6

Warm Your Core! One thing all climbers have in common, is a big poofy down jacket. Your fingers are only going to be as warm as your core is, so keep your core warm, and that nice warm blood will circulate to your fingers. Only take your jacket off when it's your turn to climb. For extra warmth, drink hot chocolate while you're wearing your poofy jacket ...


5

I do believe cold-shock is a real threat, but the reaction is a combination of physical and psychological reactions. As being dropped in near freezing water is a horrendous experience, even for the more hardy of us. The mind goes into full panic, only wanting to get up out of the water, often flailing and thrashing to do so. The physical effect just pours ...


5

You could do worse than to research Wim Hof, his accomplishments, and his training methods. TEDx Amsterdam video YouTube channel Daredevils show featuring Wim Hof Have fun. :o)


5

I have friends who swear by silk inners. They are thin, so can be worn under other gloves, but are extremely warm for the thickness. Combine these with windstopper outers - as mentioned elsewhere, layering is good practice. On the downside, silk is really expensive, at least where I live. On the upside, silk lasts a long time and doesn't get smelly.


5

IMO you totally don't need a tent. Plenty of people, including me, prefer to sleep out under the stars even if there's no hut. It can be difficult to sleep with a wind blowing across one's face, but that won't be happening inside the hut. It's also off the ground, so you won't be losing heat into the dirt. Yes, the temperature inside will be the same as ...


5

You could try wearing a pair of sweats under your pants. I've done that before, and was quite warm, and comfortable. Pajamas are also an option.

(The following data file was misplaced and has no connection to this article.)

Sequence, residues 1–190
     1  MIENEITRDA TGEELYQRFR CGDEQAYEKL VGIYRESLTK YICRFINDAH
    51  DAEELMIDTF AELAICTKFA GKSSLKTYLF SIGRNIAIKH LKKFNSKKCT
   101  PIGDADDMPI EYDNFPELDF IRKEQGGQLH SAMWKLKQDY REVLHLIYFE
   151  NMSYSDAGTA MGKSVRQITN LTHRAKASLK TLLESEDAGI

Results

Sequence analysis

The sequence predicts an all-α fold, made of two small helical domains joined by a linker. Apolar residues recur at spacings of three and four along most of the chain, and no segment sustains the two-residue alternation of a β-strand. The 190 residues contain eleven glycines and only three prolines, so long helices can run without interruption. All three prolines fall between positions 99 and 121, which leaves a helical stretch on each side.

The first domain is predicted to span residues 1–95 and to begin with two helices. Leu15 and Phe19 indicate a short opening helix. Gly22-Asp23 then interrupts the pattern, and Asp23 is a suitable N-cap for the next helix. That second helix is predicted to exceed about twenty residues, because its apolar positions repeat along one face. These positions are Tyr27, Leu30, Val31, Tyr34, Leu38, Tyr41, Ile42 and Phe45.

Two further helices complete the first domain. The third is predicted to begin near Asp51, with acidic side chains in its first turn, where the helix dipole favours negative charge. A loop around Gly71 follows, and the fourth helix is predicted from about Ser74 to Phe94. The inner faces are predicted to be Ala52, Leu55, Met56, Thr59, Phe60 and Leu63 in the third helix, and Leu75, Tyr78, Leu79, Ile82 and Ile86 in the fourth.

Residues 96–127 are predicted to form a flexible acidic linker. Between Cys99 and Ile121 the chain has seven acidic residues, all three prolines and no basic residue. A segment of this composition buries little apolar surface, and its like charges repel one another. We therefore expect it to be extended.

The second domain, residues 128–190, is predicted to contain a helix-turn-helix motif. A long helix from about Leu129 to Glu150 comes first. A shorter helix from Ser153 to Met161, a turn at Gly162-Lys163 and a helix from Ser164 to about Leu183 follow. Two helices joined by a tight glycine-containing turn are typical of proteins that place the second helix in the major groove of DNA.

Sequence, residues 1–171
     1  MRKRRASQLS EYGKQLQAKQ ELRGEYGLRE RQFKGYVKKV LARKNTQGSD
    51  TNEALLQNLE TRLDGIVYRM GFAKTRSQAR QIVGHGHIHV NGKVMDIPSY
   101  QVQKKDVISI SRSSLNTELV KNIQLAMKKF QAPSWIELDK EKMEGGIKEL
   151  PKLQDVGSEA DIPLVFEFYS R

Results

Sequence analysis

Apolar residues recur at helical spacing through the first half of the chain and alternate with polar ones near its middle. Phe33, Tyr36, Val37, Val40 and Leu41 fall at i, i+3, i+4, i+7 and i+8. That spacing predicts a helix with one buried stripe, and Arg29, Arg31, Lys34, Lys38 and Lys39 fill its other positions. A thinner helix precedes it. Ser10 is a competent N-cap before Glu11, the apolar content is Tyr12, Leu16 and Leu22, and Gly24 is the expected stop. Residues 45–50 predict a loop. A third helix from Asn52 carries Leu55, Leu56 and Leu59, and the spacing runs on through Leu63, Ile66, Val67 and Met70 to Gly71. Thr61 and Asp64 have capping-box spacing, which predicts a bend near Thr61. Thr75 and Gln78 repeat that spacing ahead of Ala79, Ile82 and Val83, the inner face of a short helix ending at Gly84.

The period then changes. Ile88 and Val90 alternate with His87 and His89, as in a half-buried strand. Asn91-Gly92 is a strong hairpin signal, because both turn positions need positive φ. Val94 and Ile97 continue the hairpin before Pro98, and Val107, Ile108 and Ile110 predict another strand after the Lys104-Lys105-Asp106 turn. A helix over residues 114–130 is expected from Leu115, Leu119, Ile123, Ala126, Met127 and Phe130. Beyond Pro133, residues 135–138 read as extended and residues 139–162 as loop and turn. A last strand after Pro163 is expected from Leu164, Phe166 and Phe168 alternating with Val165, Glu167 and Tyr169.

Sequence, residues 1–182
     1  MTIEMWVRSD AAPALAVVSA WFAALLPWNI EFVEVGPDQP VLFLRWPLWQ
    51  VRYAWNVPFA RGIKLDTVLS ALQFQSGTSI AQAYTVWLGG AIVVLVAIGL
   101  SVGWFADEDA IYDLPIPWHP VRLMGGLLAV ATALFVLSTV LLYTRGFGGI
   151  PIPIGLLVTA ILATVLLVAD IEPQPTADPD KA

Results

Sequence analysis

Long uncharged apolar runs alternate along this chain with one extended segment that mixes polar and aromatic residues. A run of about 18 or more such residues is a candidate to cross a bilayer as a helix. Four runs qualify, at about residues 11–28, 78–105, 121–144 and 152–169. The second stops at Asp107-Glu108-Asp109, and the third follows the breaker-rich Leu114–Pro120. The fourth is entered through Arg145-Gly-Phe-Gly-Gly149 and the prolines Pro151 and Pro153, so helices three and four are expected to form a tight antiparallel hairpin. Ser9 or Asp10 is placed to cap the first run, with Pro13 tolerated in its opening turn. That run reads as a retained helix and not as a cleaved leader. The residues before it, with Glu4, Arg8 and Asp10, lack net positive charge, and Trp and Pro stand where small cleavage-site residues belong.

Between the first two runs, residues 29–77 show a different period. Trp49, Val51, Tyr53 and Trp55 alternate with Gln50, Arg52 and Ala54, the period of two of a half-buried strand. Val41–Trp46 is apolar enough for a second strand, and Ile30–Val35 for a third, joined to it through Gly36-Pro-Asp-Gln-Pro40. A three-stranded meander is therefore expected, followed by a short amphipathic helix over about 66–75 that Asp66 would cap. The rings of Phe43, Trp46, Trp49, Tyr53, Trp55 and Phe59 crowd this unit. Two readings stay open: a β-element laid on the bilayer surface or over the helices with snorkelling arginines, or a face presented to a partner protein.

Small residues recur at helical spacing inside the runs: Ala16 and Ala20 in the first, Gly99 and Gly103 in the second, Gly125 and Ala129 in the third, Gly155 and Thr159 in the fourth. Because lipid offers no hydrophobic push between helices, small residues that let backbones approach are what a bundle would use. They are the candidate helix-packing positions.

4

The way to get started is to swim in areas that are marked as generally safe. These will typically be a sandy beach on the shores of a small lake. Provincial Parks generally have one of these with float lines marking the "safe" areas. As you can see, you're free to swim outside the lines if you want to. From http://www.ontarioparks.com/park/mikisew There ...


4

You actually don't need to go outdoors to get struck by Hypothermia. But you can suffer from it on a trek where you don't have a proper campsite, camping equipment, or good clothing and bedding. From http://www.globalaging.org/health/us/hypothermia.htm The most important step in treating hypothermia is to make and then keep a person warm and dry. ...


4

I don't have any good references for calorie expenditure, given that there are so many variables, so I will leave that to someone with a proper reference. In my personal experience in cold-weather, back country hiking and camping, the best time to wash is not at the end of a day's exertion when you are prone to getting chilled, but rather prior to starting ...


4

Put Heat Warmers in your climbing shoes and in your gloves, put a big puffy on. Jumping jacks, lots of jumping jacks, get your heart rate up and get your blood flowing and warmed up. Climb, the first climb is always the worst! Keep a heat pack in your chalk bag. You'll freeze on the wall but when you get down you'll be hot! Immediately throw on your ...